MONDAY MOVIES: “Birdman”

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Sometimes work drives you crazy. In this case, literally.

I had the good fortune to see “Birdman” in limited release, where it soared this past weekend. I’ve been looking forward to it for awhile, and it didn’t disappoint.

At its core, “Birdman” is about putting your heart into your work and finding out what happens when you do. The main characters in the movie, for better or worse, live and breathe through the stages of Broadway. They are driven by forces that compel everyone: Insecurity, attention, and pride. And like the rest of us, they are imperfect and strive to be better.

It reminded me a little of Being John Malkovich and The Wrestler. These are movies that focus on what compels people to do what they do for a living and the madness that consumes them. There’s nothing here that you haven’t seen before, but it’s repackaged in an exhilarating way, and I recommend that you see it if you can.

WATCH “BIRDMAN” TRAILER

I don’t want to give much else away, but I think “Birdman” has a strong chance of being nominated for several Oscars, including Michael Keaton for Best Actor. The film is the perfect blend of reality and fantasy, and it’s a good reminder to yearn for an extraordinary life and to love the people who help you along the way.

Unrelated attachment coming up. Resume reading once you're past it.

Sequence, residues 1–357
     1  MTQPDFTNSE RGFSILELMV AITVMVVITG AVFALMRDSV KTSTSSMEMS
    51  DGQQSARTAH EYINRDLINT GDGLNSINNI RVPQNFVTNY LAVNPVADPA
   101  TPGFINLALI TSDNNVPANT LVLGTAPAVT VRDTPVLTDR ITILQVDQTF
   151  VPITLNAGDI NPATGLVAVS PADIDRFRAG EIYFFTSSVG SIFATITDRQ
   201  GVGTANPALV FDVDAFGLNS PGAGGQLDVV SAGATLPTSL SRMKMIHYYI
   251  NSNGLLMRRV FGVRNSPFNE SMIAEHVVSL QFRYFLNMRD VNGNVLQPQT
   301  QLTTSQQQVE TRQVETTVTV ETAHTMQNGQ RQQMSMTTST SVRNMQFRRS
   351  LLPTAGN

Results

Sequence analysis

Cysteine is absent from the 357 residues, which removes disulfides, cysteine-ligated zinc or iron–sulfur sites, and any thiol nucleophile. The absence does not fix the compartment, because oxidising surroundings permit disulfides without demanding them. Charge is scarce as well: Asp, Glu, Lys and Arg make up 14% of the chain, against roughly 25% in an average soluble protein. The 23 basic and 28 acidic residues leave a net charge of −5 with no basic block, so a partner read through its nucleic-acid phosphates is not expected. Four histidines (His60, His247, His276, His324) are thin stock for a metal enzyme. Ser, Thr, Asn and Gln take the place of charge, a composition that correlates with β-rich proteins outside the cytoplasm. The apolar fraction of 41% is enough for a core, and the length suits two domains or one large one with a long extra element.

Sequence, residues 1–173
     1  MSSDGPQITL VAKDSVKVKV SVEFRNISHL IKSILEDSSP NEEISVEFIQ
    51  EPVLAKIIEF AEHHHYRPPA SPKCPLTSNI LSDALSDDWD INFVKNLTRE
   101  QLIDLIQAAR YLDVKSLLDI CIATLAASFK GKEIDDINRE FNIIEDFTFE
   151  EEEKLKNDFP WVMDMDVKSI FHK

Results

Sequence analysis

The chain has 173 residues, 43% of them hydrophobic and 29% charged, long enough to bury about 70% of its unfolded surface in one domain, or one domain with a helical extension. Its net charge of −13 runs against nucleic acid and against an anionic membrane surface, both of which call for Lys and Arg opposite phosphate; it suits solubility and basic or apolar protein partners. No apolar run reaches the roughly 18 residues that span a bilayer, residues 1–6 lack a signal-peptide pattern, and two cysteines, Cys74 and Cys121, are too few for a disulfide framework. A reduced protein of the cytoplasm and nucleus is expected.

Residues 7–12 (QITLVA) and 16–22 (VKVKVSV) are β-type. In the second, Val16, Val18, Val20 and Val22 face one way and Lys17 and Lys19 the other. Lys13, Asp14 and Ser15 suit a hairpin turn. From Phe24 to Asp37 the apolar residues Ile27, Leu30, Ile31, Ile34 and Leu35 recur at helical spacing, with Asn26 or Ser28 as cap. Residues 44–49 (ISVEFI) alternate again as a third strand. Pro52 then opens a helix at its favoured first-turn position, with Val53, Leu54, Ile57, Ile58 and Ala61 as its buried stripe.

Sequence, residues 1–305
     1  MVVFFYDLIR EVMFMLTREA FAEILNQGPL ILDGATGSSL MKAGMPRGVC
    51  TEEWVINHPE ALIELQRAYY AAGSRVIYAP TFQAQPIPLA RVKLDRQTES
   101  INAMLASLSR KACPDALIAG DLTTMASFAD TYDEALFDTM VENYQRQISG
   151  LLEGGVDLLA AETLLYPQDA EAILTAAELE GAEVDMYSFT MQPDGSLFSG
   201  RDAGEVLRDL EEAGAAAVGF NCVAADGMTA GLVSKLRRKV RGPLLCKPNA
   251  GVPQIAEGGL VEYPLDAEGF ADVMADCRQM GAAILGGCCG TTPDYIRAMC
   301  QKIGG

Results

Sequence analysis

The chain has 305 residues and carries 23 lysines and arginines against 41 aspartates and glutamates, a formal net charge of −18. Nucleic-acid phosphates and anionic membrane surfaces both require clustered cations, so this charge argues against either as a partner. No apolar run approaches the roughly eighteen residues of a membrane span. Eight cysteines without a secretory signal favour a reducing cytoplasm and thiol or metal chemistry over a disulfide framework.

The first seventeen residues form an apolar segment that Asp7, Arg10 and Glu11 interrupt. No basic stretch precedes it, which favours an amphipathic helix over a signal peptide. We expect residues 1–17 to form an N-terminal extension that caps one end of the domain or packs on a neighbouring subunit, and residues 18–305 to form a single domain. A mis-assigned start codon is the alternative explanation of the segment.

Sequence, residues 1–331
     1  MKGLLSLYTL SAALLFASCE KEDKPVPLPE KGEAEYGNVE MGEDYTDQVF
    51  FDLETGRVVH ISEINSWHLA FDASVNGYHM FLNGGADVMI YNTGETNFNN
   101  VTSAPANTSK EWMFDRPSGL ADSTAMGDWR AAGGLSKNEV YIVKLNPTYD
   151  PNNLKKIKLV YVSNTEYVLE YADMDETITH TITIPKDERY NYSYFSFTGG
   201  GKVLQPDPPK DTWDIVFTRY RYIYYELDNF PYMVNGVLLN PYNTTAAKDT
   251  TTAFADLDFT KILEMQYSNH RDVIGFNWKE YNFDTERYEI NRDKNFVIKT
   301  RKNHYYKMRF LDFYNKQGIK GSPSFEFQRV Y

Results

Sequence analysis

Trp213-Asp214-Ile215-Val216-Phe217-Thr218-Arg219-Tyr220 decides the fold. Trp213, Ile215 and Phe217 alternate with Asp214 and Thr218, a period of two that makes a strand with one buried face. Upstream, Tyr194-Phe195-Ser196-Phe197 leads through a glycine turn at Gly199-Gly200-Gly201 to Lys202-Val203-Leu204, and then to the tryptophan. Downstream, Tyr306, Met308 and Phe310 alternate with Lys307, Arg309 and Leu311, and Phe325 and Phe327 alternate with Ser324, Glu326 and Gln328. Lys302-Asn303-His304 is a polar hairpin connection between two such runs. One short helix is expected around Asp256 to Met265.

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Being A Monk in the World

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(Courtesy: Amazon.com)

(Courtesy: Amazon.com)

I rarely pick up and read a book from cover to cover. I lose interest, I get sleepy when I read for more than five minutes… it just never works out. So it only makes sense that when I begin and finish a book, I feel like sharing it with everyone!

Yesterday I finished A Monk in the World: Cultivating a Spiritual Life by Wayne Teasdale. I was drawn to the book after NBA legend Phil Jackson recommended it as a book every spiritual person should read: